aaaahhhhh…Free Tibet. My sweet, soft Free Tibet. Free Tibet has been with me for twelve years…since I saw the Dalai Lama speak at Emory University in his happy and deep Kermit-the- Frog voice– absolutely incomprehensible to me, though I was glued to every syllable and translation. I am not a Tibetan Buddhist. But a buddhist, yes…a person who resonates with it…a wannabe…a pupil.
Tibet was my cause celebre for much of my twenties and thirties–the cruel injustice of it all. And I did see Kundun…in the theatre… three nights in a row when it came out. But my Free Tibet is something else entirely. My Free Tibet has held me softly in my sleep for more than a decade. No one but my family has ever seen me in my Free Tibet. I am not the too-big t-shirt type by day. That is why I painted in it for so many years…I didn’t know what it would become. Free Tibet has been bleached many times…and with real bleach…and also vinegar, sunshine and borax. That is perhaps why it is now almost translucent… the fibers have been washed and washed and bleached and washed and dried so many times. We all have a favorite shirt. Free Tibet comforts my soul when I put it on…which isn’t every night. I only put on Free Tibet when the situation calls for it–when nothing else will do–when I can’t be comforted in any other way.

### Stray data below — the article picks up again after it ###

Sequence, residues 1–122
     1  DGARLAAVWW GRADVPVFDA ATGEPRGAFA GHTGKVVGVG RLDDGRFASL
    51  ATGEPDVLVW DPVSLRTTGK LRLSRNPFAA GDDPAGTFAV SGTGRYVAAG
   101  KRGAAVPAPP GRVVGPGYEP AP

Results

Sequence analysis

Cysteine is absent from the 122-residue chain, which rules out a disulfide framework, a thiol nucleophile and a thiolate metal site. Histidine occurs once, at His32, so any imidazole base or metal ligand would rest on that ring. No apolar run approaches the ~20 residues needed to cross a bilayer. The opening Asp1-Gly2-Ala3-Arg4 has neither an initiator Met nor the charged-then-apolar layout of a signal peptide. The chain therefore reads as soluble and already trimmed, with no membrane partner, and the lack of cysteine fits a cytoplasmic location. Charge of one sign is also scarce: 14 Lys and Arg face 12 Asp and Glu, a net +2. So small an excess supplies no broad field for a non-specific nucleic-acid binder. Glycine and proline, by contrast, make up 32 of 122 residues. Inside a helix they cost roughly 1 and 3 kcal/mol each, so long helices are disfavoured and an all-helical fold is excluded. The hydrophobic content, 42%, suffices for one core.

And now I don’t know what to do. It isn’t art. I don’t want it to become art and sew it into something else…I want it to be there for me forever. My kids put their fingers in the holes and pull. And maybe my kids are what makes Free Tibet so tender. Because after kids, cause celebres and protests- great and small- find their way to the back of the top shelf of the closet of one’s soul. New protests and causes become much more important. We don’t lose ourselves…we just change…and the only things that get to stick around are the things that really, truly matter. All the rest is burned up and melted away by the immediate moment…here…now. By the brushing of teeth. By the cleaning-up. By snack time. But how I wish the progression of time would stop…just for my Free Tibet. If I were truly a buddhist, this impermanence stuff would be so much easier for me. Maybe it’s never too late to start.
What a beautifully told story, Carrie. Thanks for sharing and may your blessed shirt stay with you always 🙂